In healthcare, there is often a focus on what went wrong, which can result in a blame culture. Naturally, this affects staff morale and doesn’t positively encourage good practice. Instead, organisations should be shifting to learning and improving from what may go wrong, as well as learning and sharing where excellence in healthcare is identified. With this approach, patient safety will benefit as well as staff satisfaction and retention.
Traditionally, safety in healthcare has focused on adverse incidents and errors, viewing these as opportunities to learn and avoid recurrence. According to the NHS, the top 4 reported incident categories were:
- Implementation of care and ongoing monitoring/review (21.8%)
- Patient accident (12.7%)
- Treatment, procedure (10.6%)
- Access, admission, transfer, discharge (including missing patient) (10%)
It makes sense that fewer adverse incidents means an organisation is safer. However, research has shown that the benefits may be limited, and that in more positive safety cultures, reporting rates of incidents are higher leading to a safer environment.
The second victim phenomenon
It’s important to take into account the effect of incident reporting on staff mental health. The second victim phenomenon is when staff involved in an incident may experience anxiety and depression, and reduced clinical confidence and cognitive functioning. This means that their performance may be negatively impacted which then results in less safe care.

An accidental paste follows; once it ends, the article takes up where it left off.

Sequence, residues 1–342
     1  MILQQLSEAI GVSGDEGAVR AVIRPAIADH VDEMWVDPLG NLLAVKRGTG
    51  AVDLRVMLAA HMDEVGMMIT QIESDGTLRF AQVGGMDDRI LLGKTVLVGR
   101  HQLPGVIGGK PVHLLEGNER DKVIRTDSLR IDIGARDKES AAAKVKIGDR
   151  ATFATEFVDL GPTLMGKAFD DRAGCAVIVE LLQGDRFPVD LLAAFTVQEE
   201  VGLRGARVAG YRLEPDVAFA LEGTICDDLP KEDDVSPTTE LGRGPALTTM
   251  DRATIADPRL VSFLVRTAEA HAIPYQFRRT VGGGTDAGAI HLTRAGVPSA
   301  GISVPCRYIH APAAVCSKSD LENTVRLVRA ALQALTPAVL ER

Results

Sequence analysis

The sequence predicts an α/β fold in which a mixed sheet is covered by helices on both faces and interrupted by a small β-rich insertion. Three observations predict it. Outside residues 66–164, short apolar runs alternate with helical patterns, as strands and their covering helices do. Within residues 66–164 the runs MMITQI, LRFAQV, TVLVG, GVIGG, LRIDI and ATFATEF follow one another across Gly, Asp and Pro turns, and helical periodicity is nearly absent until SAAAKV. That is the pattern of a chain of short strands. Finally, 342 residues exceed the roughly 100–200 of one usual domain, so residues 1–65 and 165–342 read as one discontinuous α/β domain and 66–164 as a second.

If staff have negative experiences around incident reporting, they’re less likely to report as many going forward. This is why it’s crucial for healthcare organisations to push their focus on studying excellent performance and sharing this learning both across the organisation and to others. If more follow this approach to quality improvement, it should improve human performance and therefore patient safety.
So, what is Learning from Excellence?
Learning from Excellence, or LfE, is identifying episodes of peer reported excellence or positive deviance and learning from them. The idea is to shift to a positive culture of focusing on successes, rather than skimming over them and just homing in on adverse events.
Beginning with a pilot in Birmingham Children’s Hospital’s Paediatric Intensive Care department, staff were able to report episodes of excellent practice. They implemented a formal system to capture the information and allowed reports from anything staff deemed as excellent. Staff who were responsible for the excellent practice would receive a notification, and every week summaries of learning points from the reports were shared with the whole department.
As a result, one year into the pilot staff agreed that excellence reporting can improve staff morale and the quality of care, 93% and 87% respectively. They also found that rates of gold-standard prescribing increased from 18% to 35%, giving them tangible evidence that excellence reporting improves patient safety.
Implement Learning from Excellence with Radar Healthcare
We know that being focused on avoiding harm by learning from error in healthcare is highly prevalent. Our aim is to make healthcare safer, which is why our software allows you to not only log incidents, but also compliments and episodes of excellence.
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